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Multiple Myeloma Management in 2020 - Episode 15

Coming Soon: Isatuximab + Pom/Dex for Relapsed Myeloma

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Transcript: Sagar Lonial, MD, FACP: Let me ask you this then because I think if it looks like the high risk are getting benefit, and I didn’t see the forest plot of that in that presentation, but that would certainly be encouraging because it’s one of the few in the relapsed setting where we clearly see that. That would be good. The reason we use POM/DARA [pomalidomide, daratumumab] so much is because if you look at single agent activity, 1 of the most potent drugs in 17p deletion is actually [pomalidomide]. I’m curious how in your POM/ISA [pomalidomide, isatuximab] phase III trial, where did the high risk fall out on that?

Paul Richardson, MD: Sagar, I’m very grateful because it was a perfect segue, because I think this to me is a fascinating concept. Obviously, having been with everyone on the panel and part of the development of daratumumab, we’ve been very pleased, however, with the performance of isatuximab. In the ICARIA-MM trial, isatuximab in the high-risk group—and there’s a very nice abstract from Simon Harrison MBBS, PhD, at IMW [the International Myeloma Workshop] on the high-risk group—clearly did well. And this was striking. It’s interesting because, Ajai, you’ve been the pioneer of DARA/POM/DEX [daratumumab, pomalidomide, dexamethasone], but it’s a phase II trial, isn’t it?

Ajai Chari, MD: Yes.

Paul Richardson, MD: Correct me if I’m wrong, but in that high-risk population that was part of that study, how did they fare?

Ajai Chari, MD: They did slightly worse than the standard risk.

Sagar Lonial, MD, FACP: But that was 5 lines of therapy.

Ajai Chari, MD: Right, exactly.

Paul Richardson, MD: We’re going to have to see the randomized comparisons before we conclude. But anyway, in the context or ICARIA, which obviously was phase III and randomized, we’re able to see that signal. We had several presentations at this meeting that included, actually what was very interesting to me, an elderly subgroup, which really did well. And this gets to our points in earlier discussion about the frailty of those patients and how we might benefit them. That was another positive for isatuximab.

I think the other studies we did, one was we looked at biomarkers. What was fascinating was that we saw no relationship between the levels of CD38 and even cellular markers in response, which is intriguing. That brings me to an interesting point about isatuximab. It binds to a different epitope. It has a powerful effect through the adenosine pathway, which means that it actually is more pro-apoptotic. This may be an interesting mechanism because it may be subtly different from daratumumab. My only real point of sharing that is because perhaps we’ll see, as we know with the isatuximab approval platform looks set for next year, certainly by April, perhaps we’ll see an opportunity for our CD38 platform to expand to allow us to think daratumumab, then when daratumumab fails, perhaps re-treatment, perhaps yes. But also, we may have a different choice.

Amrita Krishnan, MD: If I may say, to be honest, that’s the 2 questions you’re really trying to understand, mechanism of CD38 resistance and how do you overcome that. Is it just adding an IMiD immunomodulatory drug, for example, pomalidomide, in terms of immunomodulatory effects overcoming some of that? We presented data on TAK-079, another anti-CD38 antibody, which is subcutaneous, no significant infusion toxicity, quick injection. We are expanding to look specifically at daratumumab refractory, so really to try to answer that in a more codified setting, because I think the real question is going to become, what do you do in terms of your CD38 re-treatment strategy?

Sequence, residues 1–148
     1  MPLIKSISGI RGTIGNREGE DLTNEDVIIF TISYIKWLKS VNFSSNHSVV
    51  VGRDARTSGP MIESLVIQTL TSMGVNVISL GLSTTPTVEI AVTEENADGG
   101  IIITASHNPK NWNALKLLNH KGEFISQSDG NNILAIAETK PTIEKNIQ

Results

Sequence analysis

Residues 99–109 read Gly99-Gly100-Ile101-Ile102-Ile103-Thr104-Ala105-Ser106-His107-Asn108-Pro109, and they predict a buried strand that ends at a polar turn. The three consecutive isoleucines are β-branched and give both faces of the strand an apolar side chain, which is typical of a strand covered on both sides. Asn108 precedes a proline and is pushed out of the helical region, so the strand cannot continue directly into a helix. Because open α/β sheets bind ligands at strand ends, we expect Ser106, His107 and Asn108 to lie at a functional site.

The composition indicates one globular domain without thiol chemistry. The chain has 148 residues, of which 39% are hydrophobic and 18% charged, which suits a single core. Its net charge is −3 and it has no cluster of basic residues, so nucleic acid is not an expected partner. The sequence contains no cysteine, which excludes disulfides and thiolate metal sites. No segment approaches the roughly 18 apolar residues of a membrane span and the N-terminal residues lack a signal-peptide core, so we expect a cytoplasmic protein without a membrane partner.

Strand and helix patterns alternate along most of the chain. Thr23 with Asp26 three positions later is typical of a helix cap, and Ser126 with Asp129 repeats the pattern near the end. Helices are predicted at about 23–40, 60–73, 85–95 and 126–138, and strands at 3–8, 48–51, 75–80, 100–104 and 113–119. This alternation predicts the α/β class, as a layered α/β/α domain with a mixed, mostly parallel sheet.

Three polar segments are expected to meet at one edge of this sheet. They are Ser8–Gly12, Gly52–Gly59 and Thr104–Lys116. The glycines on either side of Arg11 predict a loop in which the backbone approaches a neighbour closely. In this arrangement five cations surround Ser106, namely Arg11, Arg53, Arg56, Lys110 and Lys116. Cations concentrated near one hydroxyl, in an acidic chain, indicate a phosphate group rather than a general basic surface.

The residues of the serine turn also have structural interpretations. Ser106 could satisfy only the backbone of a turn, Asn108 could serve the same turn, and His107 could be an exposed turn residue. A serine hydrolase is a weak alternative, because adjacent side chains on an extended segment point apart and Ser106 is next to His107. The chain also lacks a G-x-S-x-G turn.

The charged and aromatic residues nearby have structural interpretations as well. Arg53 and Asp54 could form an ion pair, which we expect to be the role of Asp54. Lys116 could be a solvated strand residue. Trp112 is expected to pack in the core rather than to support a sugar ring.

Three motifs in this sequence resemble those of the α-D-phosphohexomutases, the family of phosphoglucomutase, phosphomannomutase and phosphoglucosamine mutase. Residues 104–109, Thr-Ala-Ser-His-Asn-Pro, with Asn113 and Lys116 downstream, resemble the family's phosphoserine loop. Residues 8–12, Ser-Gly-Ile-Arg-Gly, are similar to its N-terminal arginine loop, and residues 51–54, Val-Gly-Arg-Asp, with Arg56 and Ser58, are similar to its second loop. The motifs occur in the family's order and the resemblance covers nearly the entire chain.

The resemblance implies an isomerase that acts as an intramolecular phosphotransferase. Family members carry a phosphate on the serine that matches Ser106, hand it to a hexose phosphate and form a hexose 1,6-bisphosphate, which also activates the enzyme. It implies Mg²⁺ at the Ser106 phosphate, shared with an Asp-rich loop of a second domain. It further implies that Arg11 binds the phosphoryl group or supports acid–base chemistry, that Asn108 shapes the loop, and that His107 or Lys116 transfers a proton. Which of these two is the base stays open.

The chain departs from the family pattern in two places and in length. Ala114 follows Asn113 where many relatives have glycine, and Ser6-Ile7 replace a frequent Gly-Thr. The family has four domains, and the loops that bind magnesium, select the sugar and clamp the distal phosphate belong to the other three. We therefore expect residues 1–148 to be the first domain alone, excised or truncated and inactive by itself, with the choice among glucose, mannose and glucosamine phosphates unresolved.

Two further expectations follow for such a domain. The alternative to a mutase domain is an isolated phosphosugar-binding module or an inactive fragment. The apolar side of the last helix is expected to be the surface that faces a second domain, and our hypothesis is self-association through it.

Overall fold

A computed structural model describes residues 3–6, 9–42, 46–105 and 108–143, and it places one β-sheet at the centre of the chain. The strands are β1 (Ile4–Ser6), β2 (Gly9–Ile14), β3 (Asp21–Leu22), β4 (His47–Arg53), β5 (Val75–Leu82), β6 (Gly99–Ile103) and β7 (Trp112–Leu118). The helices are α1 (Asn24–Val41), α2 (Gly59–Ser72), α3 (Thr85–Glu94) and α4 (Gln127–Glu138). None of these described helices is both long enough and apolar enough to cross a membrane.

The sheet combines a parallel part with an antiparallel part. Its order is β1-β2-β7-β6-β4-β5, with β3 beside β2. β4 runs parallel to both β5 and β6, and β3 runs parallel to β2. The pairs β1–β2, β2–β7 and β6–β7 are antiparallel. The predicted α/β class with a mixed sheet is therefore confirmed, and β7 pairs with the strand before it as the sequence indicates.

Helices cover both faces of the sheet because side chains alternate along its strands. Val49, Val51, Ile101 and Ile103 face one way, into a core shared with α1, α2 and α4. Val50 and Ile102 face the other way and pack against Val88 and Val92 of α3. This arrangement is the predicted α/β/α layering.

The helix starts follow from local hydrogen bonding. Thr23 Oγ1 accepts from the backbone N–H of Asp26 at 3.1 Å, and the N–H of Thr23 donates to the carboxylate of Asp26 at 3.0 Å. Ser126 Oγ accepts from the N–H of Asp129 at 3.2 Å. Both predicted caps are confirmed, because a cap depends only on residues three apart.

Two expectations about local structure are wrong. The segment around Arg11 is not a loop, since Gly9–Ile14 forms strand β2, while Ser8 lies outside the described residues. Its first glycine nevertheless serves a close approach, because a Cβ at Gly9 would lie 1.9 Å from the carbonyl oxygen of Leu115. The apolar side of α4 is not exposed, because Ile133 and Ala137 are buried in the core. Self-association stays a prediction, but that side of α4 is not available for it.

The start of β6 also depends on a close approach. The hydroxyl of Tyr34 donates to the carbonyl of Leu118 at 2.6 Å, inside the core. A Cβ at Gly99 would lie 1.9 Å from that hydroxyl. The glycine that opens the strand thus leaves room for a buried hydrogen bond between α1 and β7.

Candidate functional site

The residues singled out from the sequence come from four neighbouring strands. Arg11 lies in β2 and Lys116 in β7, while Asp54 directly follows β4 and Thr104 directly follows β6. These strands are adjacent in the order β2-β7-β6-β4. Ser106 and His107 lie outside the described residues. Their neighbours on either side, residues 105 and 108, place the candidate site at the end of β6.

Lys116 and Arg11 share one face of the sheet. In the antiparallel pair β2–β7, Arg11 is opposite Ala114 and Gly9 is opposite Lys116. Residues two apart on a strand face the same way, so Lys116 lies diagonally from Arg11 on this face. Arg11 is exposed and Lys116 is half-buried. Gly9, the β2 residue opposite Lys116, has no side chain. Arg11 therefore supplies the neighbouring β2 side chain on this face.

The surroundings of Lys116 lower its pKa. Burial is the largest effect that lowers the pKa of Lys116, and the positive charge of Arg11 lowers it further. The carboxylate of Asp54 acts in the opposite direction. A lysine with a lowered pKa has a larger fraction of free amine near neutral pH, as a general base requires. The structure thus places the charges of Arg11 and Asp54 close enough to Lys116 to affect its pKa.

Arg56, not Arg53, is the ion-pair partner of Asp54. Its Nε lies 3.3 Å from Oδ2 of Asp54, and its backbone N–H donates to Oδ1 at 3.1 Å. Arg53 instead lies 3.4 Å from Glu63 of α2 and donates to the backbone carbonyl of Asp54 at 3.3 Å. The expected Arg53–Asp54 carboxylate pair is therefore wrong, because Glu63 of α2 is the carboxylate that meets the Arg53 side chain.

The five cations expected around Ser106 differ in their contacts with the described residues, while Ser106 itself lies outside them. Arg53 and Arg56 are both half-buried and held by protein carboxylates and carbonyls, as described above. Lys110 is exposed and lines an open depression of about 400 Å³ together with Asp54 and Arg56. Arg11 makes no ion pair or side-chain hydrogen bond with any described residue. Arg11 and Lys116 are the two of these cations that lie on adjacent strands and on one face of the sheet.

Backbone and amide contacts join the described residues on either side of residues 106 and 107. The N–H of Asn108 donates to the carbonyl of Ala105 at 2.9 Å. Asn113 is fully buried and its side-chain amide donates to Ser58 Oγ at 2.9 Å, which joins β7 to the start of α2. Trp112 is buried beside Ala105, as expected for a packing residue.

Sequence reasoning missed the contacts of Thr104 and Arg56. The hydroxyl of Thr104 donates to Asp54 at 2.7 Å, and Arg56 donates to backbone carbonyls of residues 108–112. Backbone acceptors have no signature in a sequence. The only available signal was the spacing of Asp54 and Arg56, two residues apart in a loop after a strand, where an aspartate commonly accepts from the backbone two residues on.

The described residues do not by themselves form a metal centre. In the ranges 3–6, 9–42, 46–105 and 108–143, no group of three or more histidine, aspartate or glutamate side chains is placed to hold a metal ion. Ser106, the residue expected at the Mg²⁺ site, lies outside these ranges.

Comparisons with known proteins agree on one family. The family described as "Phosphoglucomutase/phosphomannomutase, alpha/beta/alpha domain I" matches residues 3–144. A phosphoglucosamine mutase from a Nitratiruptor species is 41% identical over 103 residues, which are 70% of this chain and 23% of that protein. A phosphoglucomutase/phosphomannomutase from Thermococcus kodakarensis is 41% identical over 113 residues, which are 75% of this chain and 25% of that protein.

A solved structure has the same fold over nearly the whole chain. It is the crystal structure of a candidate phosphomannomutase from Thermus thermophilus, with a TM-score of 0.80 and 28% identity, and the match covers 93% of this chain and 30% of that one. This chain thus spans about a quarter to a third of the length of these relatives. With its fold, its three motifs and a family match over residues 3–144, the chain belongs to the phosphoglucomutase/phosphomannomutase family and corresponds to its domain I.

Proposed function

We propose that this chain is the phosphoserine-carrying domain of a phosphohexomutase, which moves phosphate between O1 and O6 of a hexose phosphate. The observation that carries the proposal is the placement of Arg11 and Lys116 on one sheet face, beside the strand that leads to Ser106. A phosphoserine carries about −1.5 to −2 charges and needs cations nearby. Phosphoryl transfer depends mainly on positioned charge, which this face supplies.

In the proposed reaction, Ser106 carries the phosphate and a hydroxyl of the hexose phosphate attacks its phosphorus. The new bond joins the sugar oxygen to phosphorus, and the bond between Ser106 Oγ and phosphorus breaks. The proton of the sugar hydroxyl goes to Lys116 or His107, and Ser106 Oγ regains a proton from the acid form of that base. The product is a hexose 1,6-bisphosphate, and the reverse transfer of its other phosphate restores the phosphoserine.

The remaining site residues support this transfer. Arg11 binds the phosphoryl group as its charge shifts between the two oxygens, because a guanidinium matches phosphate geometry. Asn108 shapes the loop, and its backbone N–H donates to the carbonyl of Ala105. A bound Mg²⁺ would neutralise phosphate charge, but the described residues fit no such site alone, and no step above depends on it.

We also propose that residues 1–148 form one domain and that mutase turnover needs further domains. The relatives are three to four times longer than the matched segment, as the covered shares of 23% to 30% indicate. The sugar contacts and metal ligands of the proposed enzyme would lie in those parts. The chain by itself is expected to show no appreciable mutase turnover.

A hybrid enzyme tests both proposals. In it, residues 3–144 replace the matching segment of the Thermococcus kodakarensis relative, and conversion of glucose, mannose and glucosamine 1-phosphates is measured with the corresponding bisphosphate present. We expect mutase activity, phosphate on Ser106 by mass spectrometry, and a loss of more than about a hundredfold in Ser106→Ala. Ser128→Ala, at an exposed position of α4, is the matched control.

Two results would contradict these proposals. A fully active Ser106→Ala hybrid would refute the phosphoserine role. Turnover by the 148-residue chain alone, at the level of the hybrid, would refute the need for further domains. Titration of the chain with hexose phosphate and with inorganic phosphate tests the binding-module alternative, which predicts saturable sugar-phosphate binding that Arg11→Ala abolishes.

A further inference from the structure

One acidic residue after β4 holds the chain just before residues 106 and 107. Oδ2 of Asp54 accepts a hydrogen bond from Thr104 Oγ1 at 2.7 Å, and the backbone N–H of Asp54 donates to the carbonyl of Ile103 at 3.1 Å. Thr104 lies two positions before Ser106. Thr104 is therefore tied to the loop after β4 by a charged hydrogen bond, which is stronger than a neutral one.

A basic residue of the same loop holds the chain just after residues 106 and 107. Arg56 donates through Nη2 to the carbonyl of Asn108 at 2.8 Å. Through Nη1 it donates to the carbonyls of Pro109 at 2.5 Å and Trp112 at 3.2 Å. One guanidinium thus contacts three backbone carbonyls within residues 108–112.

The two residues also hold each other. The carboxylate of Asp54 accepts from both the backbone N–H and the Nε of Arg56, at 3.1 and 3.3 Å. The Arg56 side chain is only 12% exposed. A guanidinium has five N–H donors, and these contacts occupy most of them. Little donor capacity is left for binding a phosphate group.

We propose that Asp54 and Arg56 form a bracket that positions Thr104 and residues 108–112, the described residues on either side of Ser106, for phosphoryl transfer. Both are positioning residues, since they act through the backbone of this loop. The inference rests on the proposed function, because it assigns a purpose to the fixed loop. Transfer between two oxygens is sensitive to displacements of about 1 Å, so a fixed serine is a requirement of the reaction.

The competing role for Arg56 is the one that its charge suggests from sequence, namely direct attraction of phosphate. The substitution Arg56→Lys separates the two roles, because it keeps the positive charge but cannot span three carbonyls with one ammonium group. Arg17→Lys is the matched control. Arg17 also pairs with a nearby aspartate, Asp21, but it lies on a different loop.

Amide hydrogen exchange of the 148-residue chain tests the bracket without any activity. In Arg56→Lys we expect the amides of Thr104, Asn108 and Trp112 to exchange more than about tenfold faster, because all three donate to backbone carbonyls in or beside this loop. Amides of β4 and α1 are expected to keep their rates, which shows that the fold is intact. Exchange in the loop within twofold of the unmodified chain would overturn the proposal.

Paul Richardson, MD: Right, exactly. I think in the same context, if daratumumab fails a patient, meeting it with monotherapy with isatuximab doesn’t make any sense. And we have preliminary data from a small trial in France that suggested that that was not successful. But a different construct for combinations, to your point, and how you build on that. The way I think of it is in lymphoma we do Rituxan-CHOP [cyclophosphamide, doxorubicin, vincristine, prednisone], we do RICE [rituximab, ifosfamide, carboplatin, etoposide], we do R-EPOCH [rituximab, etoposide, prednisone, vincristine, cyclophosphamide, hydroxydaunorubicin]. I’m wondering if this will not be the case in myeloma; myeloma is too cloudy for that.

Ajai Chari, MD: One other point to make on the re-treatment is there are pharmacokinetic issues. Are you on weekly daratumumab or monthly daratumumab? There are pharmacodynamic issues. Have you lost your T-cell expansion? There’s single agent versus combination therapy at the time of progression, and is it a clinical or biochemical relapse? I don’t think we can just put all of those into 1 basket, and re-treatment studies likely would need to be stratified by some of those to answer that question. A biochemical progression on single-agent daratumumab monthly is very different than....

Paul Richardson, MD: Quite.

Amrita Krishnan, MD: The way you are talking it makes it sounds like lymphoma is so much easier because you get progression….

Nina Shah, MD: And also as daratumumab moves to the front, if people do what Sagar is saying, RVd/DARA [lenalidomide, bortezomib, dexamethasone, daratumumab] up front, transplant, and then just REV [Revlimid] maintenance, now they’re not daratumumab refractory, they’re daratumumab exposed. So that’s another population that’s different.

Paul Richardson, MD: Yes, I agree.

Transcript Edited for Clarity

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